AHGRAHWALL: Infrastructure, electricity.

SMITH: But staying in the sweet spot in a changing global economy is almost impossible. You know the drill: some poor country scrapes together the money to build one of these plants. Maybe they figure out how to keep the power on 24 hours a day. They have cheaper workers. Maybe they're closer to the cotton, or to the clothing factories. And all of a sudden, Indorama is undercut. Anyone who could produce this kind of high-quality yarn for a few pennies cheaper will win. And so that's why the folks at Indorama are so obsessed about that strand of cotton. That's how they stay in the T-shirt chain, even if no consumer will ever notice the time and effort they put into the Planet Money T-shirt.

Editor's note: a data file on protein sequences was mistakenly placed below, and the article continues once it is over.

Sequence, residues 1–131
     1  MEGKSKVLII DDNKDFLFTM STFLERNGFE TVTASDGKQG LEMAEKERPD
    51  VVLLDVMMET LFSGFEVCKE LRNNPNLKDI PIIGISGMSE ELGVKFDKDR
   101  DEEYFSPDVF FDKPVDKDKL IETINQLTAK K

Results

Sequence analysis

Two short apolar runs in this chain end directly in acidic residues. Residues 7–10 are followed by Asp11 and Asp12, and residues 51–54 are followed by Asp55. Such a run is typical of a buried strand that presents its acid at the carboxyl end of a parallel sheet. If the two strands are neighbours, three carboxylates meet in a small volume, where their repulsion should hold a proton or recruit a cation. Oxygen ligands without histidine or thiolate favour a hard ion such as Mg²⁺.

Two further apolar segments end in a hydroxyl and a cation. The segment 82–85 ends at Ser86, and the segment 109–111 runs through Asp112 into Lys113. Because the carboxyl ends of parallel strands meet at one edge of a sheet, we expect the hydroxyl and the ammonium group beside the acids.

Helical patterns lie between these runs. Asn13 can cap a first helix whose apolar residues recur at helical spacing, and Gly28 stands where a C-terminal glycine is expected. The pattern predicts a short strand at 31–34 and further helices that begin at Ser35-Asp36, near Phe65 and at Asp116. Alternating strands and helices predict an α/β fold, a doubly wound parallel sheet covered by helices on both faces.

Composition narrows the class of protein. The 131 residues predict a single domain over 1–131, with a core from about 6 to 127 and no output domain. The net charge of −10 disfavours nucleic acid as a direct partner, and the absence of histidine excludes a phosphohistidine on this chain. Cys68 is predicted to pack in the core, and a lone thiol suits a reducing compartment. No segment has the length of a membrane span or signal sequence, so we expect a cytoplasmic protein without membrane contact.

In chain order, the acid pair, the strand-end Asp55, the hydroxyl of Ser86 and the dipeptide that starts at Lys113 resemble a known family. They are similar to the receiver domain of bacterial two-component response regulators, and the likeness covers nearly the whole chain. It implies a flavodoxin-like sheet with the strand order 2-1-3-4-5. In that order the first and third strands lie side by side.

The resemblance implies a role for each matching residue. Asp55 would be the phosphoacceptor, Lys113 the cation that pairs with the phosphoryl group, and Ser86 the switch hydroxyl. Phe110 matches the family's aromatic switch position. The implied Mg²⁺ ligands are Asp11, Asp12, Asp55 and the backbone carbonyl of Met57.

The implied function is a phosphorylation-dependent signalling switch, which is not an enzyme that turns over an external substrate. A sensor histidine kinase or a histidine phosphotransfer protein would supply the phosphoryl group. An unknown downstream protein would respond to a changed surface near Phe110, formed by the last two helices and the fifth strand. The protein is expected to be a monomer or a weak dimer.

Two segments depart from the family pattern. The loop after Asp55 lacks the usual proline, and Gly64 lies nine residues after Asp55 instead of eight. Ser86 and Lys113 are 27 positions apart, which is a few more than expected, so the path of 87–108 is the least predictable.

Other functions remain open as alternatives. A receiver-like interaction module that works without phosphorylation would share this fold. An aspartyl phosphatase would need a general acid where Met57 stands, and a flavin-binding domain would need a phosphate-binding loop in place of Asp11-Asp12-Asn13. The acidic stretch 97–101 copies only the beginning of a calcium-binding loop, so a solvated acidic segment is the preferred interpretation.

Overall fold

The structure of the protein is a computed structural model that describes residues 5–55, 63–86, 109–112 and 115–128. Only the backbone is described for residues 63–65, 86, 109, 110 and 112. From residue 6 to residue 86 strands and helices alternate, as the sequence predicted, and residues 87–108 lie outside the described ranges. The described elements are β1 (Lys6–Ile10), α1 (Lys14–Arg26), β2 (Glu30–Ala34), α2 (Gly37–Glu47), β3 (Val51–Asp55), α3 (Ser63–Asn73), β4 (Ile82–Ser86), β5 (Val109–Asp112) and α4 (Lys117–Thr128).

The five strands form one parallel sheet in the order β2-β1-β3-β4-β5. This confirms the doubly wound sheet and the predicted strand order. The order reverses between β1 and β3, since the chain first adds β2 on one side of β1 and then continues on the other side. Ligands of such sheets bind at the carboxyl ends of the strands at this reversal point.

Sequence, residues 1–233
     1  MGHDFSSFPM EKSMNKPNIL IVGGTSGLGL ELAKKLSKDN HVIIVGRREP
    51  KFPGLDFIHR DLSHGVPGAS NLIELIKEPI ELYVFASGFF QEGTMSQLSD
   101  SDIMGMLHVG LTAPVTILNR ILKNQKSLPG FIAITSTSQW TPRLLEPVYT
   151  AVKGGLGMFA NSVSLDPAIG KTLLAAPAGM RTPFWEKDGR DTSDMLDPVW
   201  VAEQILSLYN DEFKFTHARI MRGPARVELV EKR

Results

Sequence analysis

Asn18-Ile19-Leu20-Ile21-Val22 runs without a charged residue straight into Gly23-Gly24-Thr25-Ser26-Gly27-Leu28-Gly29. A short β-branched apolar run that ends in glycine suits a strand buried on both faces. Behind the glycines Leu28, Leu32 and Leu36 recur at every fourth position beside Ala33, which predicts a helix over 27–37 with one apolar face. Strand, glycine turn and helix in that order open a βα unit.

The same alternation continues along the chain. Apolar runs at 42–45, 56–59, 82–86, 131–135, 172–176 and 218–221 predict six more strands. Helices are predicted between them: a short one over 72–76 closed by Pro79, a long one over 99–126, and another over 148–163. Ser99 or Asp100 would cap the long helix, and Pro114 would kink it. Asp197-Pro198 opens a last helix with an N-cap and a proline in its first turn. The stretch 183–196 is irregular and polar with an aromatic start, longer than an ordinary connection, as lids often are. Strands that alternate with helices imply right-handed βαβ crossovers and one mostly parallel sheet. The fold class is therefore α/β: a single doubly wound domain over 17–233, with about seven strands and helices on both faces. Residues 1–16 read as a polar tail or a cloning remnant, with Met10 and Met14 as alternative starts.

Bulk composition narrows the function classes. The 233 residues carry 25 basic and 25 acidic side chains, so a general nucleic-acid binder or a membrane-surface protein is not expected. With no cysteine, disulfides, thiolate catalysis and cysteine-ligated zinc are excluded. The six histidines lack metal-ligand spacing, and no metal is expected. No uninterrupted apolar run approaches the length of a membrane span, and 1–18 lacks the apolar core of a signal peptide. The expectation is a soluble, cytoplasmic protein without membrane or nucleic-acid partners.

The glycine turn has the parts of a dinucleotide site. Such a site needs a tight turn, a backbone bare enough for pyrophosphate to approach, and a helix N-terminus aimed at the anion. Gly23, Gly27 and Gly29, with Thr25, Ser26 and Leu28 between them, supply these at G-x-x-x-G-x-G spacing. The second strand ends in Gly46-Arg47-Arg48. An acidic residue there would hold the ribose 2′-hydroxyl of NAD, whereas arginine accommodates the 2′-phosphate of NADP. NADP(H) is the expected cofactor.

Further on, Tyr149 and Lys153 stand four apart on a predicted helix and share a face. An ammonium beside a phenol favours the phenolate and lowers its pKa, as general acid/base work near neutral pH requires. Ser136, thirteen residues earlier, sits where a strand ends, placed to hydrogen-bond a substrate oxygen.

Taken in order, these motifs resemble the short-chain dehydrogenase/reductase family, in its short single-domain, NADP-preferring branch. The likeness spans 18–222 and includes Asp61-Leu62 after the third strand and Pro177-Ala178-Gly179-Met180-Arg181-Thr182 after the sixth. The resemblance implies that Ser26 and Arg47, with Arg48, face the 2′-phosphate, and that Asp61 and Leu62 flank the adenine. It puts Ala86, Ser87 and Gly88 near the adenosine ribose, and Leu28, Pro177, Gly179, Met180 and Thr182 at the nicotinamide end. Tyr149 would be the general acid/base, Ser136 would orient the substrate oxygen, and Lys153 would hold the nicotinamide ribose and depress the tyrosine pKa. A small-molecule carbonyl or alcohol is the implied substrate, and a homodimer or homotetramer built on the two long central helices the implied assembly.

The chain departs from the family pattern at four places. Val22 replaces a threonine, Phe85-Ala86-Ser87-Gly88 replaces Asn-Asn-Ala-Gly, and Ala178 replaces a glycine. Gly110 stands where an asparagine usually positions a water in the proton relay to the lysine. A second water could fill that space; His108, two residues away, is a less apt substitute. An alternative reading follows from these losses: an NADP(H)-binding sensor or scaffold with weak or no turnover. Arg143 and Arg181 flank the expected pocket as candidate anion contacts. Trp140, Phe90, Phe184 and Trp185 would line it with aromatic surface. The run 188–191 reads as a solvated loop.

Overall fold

AHGRAHWALL: When I see people picking up a T-shirt, and then just putting it back on the shelf in a store, I'm like, hey, man, we work very hard to make that yarn, which has made that T-shirt. Like, come on, give it some respect.

SMITH: Robert Smith, NPR News.

MONTAGNE: And later today on ALL THINGS CONSIDERED, Planet Money's Zoe Chace takes us into the home of a Bangladeshi woman who sewed the Planet Money shirt. You can follow the T-shirt's journey on video at

Copyright © 2013 NPR. All rights reserved. Visit our website terms of use and permissions pages at for further information.

NPR transcripts are created on a rush deadline by Verb8tm, Inc., an NPR contractor, and produced using a proprietary transcription process developed with NPR. This text may not be in its final form and may be updated or revised in the future. Accuracy and availability may vary. The authoritative record of NPR’s programming is the audio record.